Sofia Coppola's "The Bling Ring" had camp potential. Pulling from a headline that blew up on gossip rags and national news outlets alike, the latest from the "Lost in Translation" director follows a clique of high schoolers who turn to a life of crime for a taste of the Hollywood lifestyle. Dubbed "The Bling Ring" by the media, the crew pilfered the likes of Paris Hilton, Megan Fox, Orlando Bloom, and anyone with an affinity for Gucci before the scheme was abruptly put to an end by a well-placed security camera.
The Bling Ring consists of a particularly mellow bunch of celeb-obsessed teens — the ringleader Rebecca is too lost in her own materialism to really emerge with a personality. Her best friend Marc is content with being follower, even when robbery is on the table. Only one person really stands out: Emma Watson's Nicki, a fashionista wannabe with an ideology founded on The Secret. Coppola never digs too far into Nicki's life to explain why she might be the way she is, a few brief encounters with her enthusiastic and relentlessly supportive mother, Laurie (Leslie Mann), working as an explanation for her delusion. This is by design. As Film.com Senior Editor Daivd Ehrlich puts it in his review, "In flattening the story, Coppola isolates us from the hedonistic fever that rushes through these kids, positioning her audience to enjoy the spectacle of these robberies without ever entirely understanding their thrill."
Coppola's restraint works for her movie, but it leaves the door open for further examination. Thankfully, For those of us who want a more deeper understanding of Nicki, her mother, and her adopted sister Sam (Taissa Farmiga), we have the E! Entertainment Network. In 2010, E! produced nine-episodes of "Pretty Wild," a reality show tracking the careers of Tess Taylor and Alexis Neiers, two social butterflies in Hollywood hoping to make it big as models. Seemingly unbeknownst to anyone involved with making of the show (including producer Chelsea Handler), the pilot was shot in the weeks surrounding the arrest of Alexis — the basis for Watson's Nicki character. We see the scene towards the end of "The Bling Ring." That's where "Pretty Wild" begins, acting as an anthropological study of real life counterparts. Whether you're an avid viewer of "reality" television or not (I'm not), "Pretty Wild" is a surprisingly revealing portrait of Coppola's fictional interpretations of Neiers and Taylor. Here's a glimpse behind the curtain:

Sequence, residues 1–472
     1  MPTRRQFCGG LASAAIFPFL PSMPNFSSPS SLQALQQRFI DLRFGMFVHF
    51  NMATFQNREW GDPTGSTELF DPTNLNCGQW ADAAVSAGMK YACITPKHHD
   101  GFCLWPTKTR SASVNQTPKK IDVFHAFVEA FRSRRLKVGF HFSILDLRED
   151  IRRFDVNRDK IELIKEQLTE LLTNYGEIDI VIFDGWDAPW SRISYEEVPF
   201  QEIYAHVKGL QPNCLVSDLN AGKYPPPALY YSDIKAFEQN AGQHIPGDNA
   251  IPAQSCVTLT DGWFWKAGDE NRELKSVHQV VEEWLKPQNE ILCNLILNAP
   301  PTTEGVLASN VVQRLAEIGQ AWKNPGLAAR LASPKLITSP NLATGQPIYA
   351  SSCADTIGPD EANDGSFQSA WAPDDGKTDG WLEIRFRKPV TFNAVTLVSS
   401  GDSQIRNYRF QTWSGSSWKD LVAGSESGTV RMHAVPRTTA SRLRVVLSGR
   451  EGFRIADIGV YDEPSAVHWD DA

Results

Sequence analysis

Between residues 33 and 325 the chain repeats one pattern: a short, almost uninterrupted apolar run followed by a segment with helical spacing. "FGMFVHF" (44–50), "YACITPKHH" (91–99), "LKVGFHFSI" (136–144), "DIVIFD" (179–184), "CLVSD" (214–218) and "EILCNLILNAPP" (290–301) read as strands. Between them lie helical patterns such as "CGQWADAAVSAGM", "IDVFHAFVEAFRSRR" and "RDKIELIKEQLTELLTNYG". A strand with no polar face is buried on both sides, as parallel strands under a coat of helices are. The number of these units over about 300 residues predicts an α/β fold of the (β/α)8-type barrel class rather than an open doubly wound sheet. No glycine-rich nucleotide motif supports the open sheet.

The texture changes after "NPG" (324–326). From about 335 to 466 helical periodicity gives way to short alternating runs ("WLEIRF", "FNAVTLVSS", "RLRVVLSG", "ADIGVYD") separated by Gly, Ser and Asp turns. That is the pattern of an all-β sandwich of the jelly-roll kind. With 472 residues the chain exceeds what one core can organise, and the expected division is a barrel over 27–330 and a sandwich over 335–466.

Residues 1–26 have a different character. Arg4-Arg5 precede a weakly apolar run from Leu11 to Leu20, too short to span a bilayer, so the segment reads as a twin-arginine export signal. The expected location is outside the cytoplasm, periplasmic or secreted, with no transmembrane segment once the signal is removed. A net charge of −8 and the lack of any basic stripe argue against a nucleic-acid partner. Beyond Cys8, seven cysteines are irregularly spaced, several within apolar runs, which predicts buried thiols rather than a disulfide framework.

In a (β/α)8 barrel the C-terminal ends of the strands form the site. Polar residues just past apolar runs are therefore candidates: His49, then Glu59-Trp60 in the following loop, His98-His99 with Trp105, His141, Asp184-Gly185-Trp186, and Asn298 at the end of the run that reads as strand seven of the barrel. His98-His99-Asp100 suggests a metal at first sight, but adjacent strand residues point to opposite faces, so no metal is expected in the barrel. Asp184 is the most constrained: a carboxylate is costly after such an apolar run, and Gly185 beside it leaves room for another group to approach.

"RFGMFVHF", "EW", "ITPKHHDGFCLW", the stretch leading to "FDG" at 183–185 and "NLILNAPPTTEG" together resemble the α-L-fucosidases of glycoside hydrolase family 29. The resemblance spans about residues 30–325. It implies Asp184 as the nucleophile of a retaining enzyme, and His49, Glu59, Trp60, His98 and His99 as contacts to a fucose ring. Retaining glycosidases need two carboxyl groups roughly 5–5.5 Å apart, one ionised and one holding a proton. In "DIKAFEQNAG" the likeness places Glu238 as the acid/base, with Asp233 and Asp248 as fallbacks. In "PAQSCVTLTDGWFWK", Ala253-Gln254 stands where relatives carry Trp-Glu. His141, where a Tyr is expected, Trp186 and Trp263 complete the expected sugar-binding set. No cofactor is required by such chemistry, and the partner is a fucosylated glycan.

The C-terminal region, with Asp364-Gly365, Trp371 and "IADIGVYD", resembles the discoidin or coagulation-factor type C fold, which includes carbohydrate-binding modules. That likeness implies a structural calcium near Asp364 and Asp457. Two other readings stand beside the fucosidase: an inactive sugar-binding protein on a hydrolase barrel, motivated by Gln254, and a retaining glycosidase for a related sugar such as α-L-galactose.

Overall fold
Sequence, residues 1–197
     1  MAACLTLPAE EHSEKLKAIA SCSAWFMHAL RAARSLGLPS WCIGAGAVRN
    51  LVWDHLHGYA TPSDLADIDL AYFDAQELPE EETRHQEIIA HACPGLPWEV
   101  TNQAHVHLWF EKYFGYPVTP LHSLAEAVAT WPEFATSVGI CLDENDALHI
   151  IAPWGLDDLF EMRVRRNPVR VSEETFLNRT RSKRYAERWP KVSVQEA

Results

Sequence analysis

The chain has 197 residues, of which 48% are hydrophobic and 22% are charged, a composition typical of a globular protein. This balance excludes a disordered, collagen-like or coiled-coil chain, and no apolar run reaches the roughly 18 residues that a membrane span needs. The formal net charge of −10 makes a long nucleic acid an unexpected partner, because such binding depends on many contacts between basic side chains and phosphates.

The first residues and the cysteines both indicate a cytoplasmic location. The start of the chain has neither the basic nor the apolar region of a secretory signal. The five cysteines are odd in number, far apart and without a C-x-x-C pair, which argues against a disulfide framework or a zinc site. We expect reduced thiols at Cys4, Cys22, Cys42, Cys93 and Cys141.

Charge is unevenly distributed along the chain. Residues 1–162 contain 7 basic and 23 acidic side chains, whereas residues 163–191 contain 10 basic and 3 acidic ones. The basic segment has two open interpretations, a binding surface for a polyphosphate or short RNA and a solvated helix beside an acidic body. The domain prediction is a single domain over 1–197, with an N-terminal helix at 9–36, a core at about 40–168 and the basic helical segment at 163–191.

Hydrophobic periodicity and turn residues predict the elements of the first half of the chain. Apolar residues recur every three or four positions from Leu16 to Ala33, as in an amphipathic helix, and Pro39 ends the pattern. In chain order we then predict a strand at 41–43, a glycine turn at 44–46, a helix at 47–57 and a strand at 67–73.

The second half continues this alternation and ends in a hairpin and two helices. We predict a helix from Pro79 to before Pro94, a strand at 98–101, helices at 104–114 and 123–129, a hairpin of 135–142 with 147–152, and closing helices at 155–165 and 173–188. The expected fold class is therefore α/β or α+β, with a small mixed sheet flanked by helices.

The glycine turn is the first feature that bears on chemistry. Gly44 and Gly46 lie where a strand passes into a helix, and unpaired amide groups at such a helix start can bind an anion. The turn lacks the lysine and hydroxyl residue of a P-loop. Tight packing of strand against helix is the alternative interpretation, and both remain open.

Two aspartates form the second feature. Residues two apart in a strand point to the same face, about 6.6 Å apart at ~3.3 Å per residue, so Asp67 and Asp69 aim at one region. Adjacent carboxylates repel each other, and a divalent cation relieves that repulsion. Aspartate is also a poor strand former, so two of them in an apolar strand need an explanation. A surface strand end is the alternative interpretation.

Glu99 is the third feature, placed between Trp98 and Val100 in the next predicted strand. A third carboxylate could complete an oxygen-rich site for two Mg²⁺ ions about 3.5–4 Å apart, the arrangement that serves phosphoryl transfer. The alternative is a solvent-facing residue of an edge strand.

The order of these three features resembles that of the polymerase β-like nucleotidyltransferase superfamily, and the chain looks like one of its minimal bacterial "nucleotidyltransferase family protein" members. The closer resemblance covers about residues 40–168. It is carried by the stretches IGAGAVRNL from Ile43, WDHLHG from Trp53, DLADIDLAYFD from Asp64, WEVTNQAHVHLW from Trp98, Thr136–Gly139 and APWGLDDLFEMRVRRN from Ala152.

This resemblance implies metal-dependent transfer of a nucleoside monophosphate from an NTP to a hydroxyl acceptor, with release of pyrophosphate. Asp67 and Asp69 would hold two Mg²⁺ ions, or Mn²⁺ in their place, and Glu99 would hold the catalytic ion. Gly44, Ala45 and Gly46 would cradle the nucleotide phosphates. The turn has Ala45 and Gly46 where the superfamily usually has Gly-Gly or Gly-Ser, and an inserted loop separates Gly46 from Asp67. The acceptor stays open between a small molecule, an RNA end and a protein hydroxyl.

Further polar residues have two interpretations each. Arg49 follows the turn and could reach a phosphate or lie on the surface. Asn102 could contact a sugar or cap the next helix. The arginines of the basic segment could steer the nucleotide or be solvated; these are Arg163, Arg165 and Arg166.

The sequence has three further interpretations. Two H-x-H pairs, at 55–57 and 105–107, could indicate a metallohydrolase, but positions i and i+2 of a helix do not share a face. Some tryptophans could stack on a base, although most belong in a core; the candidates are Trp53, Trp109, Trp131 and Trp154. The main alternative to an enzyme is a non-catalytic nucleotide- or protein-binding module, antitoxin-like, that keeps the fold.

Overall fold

Episode 1: "The Arrest" Right off the bat, it's clear that Alexis (then 19) and her sister-from-another-mother Tess (then 21) are finding a bit of success. Thanks to the connections of their mother, Andrea, a holistic housewife who spent her early days as a Playboy centerfold, they're landing modeling jobs and squeezing their way into a demanding industry. It seems to be a chicken and the egg situation: Do you make a name in the competitive world of print modeling first or does that come after you land an E! reality show? Before any of the Bling Ring accusations come to light, Alexis and Tess both book a high profile gig at Biatta lingerie that they believe will be a break out. Coppola's introduction to Nicki and Sam's family life is over-the-top and wickedly funny.
We see the two girls and their little sister, Emily (the fake version of Gabby Neiers) , sit down for their morning lesson: Making visual boards of people with great characters. Like Angelina Jolie. I thought the scene was sharp writing and biting satire on the part of Coppola. In fact, its an actual transcription of a moment in "Pretty Wild." In that scene, Andrea asks the group what they admire about Jolie. Tess responds, "Her husband?" Coppola put that right into the movie:
Of course, the dream life of home school, modeling, and clubbing all night is cut short when the cops come a'knockin' at Alexis door. She's hauled away to jail, her family spends 24 hours bawling and claiming her innocence, and "Pretty Wild" starts barreling past the events of "The Bling Ring." When Alexis returns home, Andrea delivers a sermon from the pages of The Secret and reminds her daughters of her most important lesson. Teresa: "What have I been telling you since you were little girls?" All in unison: "Never do anything that you don't want on the front page of the L.A. Times." Unfortunately, the scandal forces Alexis to lose the Biatta job. Lame.